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Echocardiography 5 minutes before starting   Twitter

Examples of pathological findings

—Echocardiographic examinations

—Cardiac function and PA pressure

—Examples of pathological

Valvular heart disease
Intracardiac masses
Pericardial disease
Aortic dissection
Congenital heart disease

Pericardial disease

Constrictive pericarditis

Guidelines and Standards
Recommendations for Multimodality Cardiovascular Imaging of Patients with Pericardial Disease, 2013

Pericardial effusion

Pericardial effusion estimation is usually done cualitatively. Measurements of systolic and diastolic dimensions from parasternal in M-mode is important, in order to allow follow-up controls. Hemodynamic severity can be assessed through evidence of atrial or ventricular wall compression, interventricular septum displacement during inspiration and inferior vena cava plethora with blunted respiratory response.

Left: small pericardial effusion with inferior basal localization.

Right: small pericardial effusion with posterior basal localization.

Left: circular, mid-size pericar- dial effusion, with posterior und lateral accentuation.

Right: mid-size pericardial effu- sion, as well as large pleural effusion clear delimitated through parietal pericardial line.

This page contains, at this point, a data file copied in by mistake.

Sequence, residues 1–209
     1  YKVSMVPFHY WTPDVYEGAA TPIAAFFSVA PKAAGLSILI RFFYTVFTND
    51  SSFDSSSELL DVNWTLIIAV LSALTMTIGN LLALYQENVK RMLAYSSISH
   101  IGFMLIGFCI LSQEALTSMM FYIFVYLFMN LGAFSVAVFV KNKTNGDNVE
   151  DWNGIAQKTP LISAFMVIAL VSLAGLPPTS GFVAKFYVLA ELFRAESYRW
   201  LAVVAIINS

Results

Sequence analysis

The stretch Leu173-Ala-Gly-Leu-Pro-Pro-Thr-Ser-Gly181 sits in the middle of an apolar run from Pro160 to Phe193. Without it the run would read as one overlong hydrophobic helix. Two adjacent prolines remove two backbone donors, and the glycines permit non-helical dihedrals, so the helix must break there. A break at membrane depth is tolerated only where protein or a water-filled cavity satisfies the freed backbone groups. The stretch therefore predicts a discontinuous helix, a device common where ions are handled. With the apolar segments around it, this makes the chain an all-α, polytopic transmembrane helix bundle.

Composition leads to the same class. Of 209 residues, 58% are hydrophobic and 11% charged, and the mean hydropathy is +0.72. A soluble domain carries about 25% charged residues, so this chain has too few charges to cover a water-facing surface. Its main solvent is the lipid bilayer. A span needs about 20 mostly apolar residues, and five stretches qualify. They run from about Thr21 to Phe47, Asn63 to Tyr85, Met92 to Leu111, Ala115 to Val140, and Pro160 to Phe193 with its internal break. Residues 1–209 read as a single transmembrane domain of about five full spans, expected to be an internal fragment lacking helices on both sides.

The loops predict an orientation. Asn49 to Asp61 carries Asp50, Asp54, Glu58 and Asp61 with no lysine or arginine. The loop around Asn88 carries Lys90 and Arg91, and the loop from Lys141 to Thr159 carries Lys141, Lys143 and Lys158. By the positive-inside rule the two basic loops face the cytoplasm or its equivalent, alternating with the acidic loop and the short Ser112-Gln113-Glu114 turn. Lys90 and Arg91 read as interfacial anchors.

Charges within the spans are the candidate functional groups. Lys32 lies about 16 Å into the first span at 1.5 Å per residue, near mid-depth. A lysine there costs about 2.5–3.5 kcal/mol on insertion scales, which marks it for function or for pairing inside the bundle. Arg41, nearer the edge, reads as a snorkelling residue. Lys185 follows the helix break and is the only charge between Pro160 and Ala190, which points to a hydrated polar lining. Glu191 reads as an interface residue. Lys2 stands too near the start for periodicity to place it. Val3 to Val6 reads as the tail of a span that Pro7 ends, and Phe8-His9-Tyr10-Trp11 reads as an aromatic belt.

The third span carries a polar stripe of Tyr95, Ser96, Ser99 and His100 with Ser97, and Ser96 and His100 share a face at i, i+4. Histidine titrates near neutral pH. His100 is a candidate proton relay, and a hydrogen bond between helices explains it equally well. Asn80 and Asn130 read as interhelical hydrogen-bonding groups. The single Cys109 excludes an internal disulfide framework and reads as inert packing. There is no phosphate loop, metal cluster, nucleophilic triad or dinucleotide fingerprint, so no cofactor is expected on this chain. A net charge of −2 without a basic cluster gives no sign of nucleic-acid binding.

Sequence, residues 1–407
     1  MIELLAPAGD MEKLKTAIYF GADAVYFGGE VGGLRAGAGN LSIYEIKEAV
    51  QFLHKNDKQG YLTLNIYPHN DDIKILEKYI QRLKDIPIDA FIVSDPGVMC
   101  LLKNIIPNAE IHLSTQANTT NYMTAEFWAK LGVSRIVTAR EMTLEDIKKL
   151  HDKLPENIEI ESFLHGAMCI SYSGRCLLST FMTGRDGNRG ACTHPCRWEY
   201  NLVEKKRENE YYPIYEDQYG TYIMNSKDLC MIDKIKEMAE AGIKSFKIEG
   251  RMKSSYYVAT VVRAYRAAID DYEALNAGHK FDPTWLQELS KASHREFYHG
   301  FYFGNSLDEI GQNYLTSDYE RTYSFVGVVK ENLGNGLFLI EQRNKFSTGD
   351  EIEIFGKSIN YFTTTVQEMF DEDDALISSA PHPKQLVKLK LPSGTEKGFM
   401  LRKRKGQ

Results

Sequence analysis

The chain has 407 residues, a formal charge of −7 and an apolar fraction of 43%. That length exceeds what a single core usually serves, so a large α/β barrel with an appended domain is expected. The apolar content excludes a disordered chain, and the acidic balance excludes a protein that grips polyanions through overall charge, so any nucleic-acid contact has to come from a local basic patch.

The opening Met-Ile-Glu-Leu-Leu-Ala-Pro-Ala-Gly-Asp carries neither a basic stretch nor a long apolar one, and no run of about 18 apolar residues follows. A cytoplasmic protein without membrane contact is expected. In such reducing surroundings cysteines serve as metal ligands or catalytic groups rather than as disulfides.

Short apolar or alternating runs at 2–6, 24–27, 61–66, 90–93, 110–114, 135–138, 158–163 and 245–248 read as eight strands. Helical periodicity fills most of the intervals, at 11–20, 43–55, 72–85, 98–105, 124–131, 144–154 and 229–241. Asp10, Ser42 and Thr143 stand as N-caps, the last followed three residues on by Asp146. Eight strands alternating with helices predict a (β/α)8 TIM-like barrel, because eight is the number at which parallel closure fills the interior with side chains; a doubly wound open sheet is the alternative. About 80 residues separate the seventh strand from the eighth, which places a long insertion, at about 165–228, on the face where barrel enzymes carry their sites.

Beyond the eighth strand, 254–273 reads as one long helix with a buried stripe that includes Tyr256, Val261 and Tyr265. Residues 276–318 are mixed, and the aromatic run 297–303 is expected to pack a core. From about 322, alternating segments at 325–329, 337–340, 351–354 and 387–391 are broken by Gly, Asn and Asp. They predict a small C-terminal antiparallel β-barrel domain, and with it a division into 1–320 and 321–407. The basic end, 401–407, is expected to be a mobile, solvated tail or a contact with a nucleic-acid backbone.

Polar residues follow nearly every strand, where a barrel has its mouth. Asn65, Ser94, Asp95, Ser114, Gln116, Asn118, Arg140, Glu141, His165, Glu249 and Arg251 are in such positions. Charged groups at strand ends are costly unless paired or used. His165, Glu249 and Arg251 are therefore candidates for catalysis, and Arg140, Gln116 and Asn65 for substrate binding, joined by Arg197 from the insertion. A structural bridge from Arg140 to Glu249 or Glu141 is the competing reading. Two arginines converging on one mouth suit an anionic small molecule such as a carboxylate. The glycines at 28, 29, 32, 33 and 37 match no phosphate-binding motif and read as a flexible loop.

Left: mid-size to large pericardial effusion with severe hemodynamic compromise, as evidenced through RV compression.

Right: large, circular pericardial effusion. RV and LV filling show respiratory dependent compro- mise.

Left: this same case from the parasternal short axis. Aspirated volumen was 1.5 liters.

Right: inferior vena cava is plethoric and without respiratory collapse, a sign of hemodynamic severity.


Constrictive pericarditis

Following images show charac- teristics of pericardial compres- sion.

Left: contraction of the free RV wall is impeded through the organized pericardial effusion. RV expands during filling at the beginning of each inspiration, only through a septal shift toward the LV (septal bounce).

Right: E-wave shows a clear (> 25 %) increase in inspiration (1).

Left: tricuspid regurgitation is also more evident during inspiration, here more accentuated as in physiologic status.

Right: tricuspid regurgitation maximal velocity becomes lower as EROA increases.

Left: inferior vena cava is plethoric and show no inspiratory collapse.

Right: antegrade velocities in suprahepatic vein also show clear respiratory accentuacion.


© Derliz Mereles


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